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8.553368 - DITTERSDORF: Sinfonias on Ovid's Metamorphoses, Nos. 1 - 3

Carl Ditters von Dittersdorf (1739 -1799)

Carl Ditters von Dittersdorf (1739 -1799)


Symphonies after Ovid's Metamorphoses

(Sinfonien nach Ovids Metamorphosen) Vol. I


Sinfonia No.1 in C major, Die vier Weltalter (The Four Ages of the World)

Sinfonia No.2 in D major, Der Sturz Phaetons (The Fall of Phaethon)

Sinfonia No.3 in G major, Verwandlung Aktäons in einen Hirsch

(Transformation of Actaeon into a Stag)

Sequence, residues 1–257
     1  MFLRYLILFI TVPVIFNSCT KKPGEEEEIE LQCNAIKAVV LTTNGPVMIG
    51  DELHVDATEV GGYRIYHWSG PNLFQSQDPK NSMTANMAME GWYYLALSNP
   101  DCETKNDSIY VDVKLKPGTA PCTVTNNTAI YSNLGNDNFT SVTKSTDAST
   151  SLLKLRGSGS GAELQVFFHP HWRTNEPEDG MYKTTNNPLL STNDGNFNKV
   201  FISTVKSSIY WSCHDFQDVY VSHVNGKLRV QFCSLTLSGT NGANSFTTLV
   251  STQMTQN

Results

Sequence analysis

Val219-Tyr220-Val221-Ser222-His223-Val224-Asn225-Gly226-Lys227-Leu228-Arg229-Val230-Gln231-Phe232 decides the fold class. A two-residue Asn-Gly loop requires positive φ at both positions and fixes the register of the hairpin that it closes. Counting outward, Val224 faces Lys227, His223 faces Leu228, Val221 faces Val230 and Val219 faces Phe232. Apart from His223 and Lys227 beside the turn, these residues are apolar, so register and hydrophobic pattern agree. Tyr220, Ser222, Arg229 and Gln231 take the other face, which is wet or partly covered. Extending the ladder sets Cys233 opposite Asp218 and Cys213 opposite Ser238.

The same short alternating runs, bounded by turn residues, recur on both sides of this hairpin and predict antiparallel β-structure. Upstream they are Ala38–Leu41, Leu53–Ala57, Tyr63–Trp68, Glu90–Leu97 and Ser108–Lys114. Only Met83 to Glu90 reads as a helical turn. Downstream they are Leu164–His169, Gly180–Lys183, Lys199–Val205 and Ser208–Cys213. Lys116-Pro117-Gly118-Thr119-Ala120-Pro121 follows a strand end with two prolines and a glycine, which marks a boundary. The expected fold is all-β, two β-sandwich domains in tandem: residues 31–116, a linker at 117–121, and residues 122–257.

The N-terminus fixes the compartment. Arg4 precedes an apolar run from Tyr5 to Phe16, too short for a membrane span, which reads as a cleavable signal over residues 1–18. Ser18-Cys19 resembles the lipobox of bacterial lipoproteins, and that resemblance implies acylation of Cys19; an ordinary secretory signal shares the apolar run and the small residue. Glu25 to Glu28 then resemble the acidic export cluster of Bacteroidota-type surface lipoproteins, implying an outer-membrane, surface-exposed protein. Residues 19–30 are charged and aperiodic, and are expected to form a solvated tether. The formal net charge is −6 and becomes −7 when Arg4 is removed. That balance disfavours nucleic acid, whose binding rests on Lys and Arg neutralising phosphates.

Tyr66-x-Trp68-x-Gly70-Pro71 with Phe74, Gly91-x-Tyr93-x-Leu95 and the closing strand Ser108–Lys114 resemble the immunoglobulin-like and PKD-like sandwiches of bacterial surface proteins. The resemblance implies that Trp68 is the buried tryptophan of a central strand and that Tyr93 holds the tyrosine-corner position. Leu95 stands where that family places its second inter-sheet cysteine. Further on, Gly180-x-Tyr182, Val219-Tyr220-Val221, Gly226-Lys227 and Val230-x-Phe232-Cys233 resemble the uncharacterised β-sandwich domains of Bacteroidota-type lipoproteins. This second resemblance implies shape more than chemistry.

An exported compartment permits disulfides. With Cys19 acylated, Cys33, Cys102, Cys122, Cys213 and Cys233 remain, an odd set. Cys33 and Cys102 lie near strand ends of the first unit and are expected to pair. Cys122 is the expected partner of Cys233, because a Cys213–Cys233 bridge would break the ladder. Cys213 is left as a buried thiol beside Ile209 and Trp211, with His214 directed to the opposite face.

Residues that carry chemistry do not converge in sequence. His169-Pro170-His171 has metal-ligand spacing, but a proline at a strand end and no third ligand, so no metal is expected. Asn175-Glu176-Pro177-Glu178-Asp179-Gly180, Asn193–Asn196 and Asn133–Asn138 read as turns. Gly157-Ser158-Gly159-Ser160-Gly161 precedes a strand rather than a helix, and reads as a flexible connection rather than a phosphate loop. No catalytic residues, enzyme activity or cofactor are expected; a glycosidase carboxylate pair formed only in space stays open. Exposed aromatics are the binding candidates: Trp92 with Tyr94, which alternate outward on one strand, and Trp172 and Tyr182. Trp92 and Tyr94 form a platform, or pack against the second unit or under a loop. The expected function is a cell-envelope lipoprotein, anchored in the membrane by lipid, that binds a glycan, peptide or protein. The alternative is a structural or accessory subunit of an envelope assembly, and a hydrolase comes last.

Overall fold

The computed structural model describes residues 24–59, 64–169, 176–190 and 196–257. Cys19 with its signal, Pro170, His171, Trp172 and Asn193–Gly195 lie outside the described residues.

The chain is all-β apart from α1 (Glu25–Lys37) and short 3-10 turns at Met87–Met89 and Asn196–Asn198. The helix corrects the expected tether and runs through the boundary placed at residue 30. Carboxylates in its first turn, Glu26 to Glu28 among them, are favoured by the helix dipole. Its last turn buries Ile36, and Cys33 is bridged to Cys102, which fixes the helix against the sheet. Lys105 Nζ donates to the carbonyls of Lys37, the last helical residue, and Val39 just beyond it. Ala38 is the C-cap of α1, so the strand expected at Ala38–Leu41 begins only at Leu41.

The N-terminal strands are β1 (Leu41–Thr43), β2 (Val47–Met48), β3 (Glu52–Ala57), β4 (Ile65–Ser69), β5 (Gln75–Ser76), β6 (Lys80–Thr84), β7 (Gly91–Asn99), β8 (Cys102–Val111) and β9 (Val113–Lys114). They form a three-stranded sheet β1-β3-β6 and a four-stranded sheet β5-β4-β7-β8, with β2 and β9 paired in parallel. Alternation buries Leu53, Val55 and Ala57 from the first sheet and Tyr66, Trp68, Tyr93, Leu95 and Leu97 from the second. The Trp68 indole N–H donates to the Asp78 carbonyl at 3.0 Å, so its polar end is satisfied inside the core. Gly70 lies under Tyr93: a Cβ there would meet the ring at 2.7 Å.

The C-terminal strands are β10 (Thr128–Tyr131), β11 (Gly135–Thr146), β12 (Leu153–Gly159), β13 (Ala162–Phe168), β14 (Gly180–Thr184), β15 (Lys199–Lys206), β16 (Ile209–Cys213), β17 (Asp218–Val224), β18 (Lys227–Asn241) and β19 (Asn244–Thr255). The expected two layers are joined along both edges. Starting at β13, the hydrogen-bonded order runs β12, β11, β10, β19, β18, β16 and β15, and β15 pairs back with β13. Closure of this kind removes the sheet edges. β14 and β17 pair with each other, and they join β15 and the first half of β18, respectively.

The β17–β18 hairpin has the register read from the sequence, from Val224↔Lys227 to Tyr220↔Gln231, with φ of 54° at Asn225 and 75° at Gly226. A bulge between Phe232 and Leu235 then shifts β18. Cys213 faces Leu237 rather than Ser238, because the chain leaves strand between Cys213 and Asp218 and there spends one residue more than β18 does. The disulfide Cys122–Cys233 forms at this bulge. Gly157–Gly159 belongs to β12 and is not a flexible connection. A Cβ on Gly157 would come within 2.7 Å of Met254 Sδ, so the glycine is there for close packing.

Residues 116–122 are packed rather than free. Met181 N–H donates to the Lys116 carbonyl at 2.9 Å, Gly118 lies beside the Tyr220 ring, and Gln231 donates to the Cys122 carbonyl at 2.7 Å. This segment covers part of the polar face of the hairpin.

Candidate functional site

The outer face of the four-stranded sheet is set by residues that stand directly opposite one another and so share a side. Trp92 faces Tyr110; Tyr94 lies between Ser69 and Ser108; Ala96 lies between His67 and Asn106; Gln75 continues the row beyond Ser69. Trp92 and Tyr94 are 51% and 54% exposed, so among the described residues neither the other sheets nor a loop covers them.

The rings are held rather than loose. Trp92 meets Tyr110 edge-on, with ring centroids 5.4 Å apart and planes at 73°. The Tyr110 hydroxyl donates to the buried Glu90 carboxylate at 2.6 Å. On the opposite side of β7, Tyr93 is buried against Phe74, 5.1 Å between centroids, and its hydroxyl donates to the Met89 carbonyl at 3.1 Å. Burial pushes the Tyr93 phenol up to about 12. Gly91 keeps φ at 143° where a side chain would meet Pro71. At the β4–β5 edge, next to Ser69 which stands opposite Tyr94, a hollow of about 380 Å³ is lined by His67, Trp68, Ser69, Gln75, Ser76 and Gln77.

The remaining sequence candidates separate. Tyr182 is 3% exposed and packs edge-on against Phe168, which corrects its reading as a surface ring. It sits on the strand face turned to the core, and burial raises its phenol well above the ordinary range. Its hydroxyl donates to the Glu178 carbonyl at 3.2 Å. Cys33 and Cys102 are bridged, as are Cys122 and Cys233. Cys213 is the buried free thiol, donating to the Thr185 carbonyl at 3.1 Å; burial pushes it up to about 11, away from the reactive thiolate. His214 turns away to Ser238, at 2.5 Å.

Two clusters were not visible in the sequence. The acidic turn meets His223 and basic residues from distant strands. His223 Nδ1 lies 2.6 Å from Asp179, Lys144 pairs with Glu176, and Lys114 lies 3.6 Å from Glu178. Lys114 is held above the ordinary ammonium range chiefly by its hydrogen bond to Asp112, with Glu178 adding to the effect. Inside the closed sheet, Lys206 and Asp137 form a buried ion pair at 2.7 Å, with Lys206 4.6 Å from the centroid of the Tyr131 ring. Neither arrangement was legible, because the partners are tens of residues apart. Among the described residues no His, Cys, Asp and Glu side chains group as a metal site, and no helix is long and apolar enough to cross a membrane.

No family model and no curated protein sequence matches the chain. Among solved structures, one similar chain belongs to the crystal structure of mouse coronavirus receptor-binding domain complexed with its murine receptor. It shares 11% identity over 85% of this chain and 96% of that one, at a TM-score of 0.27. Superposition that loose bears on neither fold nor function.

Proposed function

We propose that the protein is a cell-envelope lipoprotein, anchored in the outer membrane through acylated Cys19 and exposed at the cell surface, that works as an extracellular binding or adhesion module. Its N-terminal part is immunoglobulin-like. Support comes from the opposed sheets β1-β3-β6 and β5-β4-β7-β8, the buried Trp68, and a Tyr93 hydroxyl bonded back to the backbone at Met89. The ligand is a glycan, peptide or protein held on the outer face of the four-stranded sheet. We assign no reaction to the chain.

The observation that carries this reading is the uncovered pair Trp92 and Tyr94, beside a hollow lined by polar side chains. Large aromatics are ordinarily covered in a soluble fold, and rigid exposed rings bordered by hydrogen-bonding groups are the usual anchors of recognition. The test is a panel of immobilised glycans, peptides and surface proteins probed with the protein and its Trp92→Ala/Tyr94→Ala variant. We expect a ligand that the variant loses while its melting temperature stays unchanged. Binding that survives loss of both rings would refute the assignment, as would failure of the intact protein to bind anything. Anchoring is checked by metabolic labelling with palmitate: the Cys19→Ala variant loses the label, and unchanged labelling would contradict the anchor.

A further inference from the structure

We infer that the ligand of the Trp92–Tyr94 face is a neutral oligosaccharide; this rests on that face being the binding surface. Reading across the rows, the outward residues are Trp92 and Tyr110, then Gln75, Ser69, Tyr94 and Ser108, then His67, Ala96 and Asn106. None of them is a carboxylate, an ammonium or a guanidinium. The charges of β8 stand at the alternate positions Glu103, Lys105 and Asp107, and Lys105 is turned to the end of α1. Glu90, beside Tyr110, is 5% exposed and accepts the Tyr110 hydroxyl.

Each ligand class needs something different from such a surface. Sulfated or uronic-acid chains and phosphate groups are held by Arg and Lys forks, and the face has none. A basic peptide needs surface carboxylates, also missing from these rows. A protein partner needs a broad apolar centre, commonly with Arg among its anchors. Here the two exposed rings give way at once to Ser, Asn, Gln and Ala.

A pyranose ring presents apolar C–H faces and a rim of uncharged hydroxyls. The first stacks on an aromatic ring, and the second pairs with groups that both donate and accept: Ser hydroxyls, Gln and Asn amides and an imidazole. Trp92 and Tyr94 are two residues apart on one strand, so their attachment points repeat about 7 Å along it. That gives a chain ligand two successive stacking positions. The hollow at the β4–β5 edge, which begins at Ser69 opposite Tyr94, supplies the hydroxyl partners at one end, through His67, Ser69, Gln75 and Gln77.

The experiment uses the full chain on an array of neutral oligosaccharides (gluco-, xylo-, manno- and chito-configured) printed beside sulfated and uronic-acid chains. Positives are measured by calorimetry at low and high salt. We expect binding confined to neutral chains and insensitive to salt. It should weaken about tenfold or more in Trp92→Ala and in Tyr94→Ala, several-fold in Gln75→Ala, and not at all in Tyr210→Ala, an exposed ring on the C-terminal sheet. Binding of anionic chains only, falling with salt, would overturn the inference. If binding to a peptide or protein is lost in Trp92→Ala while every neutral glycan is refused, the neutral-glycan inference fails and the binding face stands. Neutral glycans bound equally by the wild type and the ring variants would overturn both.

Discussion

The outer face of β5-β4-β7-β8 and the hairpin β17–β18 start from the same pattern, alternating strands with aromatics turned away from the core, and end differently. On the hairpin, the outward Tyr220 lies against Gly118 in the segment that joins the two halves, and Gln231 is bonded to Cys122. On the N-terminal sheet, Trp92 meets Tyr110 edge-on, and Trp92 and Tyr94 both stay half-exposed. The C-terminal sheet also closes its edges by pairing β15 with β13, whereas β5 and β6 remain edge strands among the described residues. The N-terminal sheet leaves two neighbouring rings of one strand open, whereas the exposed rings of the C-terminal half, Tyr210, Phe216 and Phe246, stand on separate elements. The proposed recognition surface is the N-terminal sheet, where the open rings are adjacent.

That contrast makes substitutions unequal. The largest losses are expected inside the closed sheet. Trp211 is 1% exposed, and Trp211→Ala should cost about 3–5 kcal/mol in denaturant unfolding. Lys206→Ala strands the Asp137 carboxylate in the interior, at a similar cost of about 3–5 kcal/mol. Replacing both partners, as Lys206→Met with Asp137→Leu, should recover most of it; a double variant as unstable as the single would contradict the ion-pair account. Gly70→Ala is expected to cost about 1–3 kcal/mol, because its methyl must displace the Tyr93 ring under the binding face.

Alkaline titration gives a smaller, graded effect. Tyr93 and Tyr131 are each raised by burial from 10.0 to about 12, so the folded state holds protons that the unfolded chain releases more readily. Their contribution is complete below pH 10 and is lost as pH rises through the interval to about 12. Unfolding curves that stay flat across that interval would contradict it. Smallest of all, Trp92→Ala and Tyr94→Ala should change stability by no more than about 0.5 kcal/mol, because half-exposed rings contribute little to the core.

In the autobiography dictated to his son Carl Ditters gives a brief account of his parentage. He was born in Vienna in 1739, the son of a costume-maker employed at the court theatre under Charles the Sixth, a man who also served as a first lieutenant in the citizen's artillery and took part in the wars that followed the death of that ruler. He had a good general education and in 1751 joined the musical establishment of the Prince of Sachsen-Hildburghausen, where he was able to undertake a more concentrated study of music, with composition lessons from Giuseppe Bonno. The Prince left Vienna in 1761 and disbanded his musical establishment, finding a position for Ditters and some of his colleagues under Count Durazzo in the court opera and orchestra. This brought a close acquaintance with dramatic music, not least through Gluck, with whom he travelled to Italy in 1763, making an impression himself as a violinist and meeting Italian musicians of distinction, including Padre Martini and the castrato Farinelli.